CAREY PERLOFF, American Conservatory Theater: I think he’s tapping into what is pure theater, which is that you break what we in the theater call the fourth wall and you land sort of right in the emotional and sort of political lap of the audience. You know, he will wander through a crowd, talking to people, arguing with people, improvising. He’s an astonishing improviser, and create larger than life archetypal characters, which we all recognize. So it’s impossible to sit in a Dario Fo performance and not feel implicated, not feel made fun of, not feel I think enormously amused and also I think in many ways profoundly moved.
ELIZABETH FARNSWORTH: And he plays all the characters in some of these performances, right?
CAREY PERLOFF: Not always. I mean, he has had many companies in his time, and he collaborates with his wife, who’s also an important artist, Franco Rama, for whom I think this award is also a tribute to her, but he is the consummate transformational clown. He can play, you know, the head of Fiat and transform into that–his wife–and then transform into a laborer–and then transform into the automobile itself, you know, in the space of 30 seconds. I mean, he has an amazing ability that way.
ELIZABETH FARNSWORTH: Tell us what happened when you performed a Dario Fo play in San Francisco.
CAREY PERLOFF: Oh, we got in terrible trouble, which he probably would have loved, because he is controversial, without at all being didactic. I think that’s important–well didactic in the negative sense. I think that’s important to say I think that Dario Fo wakes up an audience through comedy, rather than through bludgeoning them over the head with his point of view, but we did a new play called “The Pope and the Witch” in which the Pope has a visionary diversion and decides that he believes in free abortion on demand, and this did not go over well with the Catholic Church or other people in this town and it generated a lot of controversy.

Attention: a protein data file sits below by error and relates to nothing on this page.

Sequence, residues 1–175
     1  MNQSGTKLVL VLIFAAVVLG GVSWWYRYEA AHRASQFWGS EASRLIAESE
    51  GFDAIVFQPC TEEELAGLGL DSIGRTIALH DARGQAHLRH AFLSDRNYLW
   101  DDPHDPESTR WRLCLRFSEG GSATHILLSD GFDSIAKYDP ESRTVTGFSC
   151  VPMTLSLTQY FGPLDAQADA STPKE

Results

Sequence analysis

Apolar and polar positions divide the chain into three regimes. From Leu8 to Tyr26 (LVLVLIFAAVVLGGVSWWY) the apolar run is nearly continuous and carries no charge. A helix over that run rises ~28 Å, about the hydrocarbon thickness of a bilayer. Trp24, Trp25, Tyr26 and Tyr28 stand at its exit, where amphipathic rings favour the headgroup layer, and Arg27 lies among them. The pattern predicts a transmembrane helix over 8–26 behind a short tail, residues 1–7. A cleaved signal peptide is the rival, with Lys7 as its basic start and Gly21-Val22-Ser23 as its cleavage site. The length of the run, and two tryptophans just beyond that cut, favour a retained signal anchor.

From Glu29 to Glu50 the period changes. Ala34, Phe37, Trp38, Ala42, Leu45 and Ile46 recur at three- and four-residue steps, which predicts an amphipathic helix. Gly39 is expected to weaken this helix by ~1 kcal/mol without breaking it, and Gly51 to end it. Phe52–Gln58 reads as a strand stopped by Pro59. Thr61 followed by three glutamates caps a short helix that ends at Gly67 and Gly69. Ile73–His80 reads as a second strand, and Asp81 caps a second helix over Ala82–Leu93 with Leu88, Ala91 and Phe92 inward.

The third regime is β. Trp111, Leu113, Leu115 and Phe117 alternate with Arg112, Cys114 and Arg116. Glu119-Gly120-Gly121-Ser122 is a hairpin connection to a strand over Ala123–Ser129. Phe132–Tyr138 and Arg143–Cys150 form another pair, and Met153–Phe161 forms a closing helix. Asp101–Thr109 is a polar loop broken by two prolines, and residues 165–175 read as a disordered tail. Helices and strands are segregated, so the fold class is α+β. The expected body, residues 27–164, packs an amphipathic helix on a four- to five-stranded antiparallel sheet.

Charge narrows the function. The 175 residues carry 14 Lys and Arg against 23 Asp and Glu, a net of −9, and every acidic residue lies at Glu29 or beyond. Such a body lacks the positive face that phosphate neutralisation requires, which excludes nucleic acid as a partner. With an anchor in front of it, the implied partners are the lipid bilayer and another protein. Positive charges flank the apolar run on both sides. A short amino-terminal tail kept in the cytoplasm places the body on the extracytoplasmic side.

ELIZABETH FARNSWORTH: Ron Jenkins, explain the way that Dario Fo thinks about his audience. He has such a respect for the audience he has said, and how does that affect what he does? He establishes intimacy immediately with the audience, is that right?
RON JENKINS: He has a very intimate sense of the audience. He has the ability to make contact directly. Sometimes before the play begins he’ll be in the audience ushering them to their seats and inviting them to sit up on stage with him. And that rapport with the audience is imbedded in his language as a writer because he’s writing with the rhythms of the audience built into the language that he speaks to the audience. He turns his monologues into a dialogue, and the audience’s role is right there in the works.
ELIZABETH FARNSWORTH: And, Ron Jenkins, you’ve called what he does epic clowning. What did you mean by that?
RON JENKINS: Well, it’s epic clowning because it’s the kind of clowning that goes deep into human hungers. It’s–like all great clowning, like Chapman, like Keaton–he’s talking about people who are hungry not only for food but hungry for dignity, hungry for justice, and his clowning gives you an epic sweep and understanding of those very deep human hungers.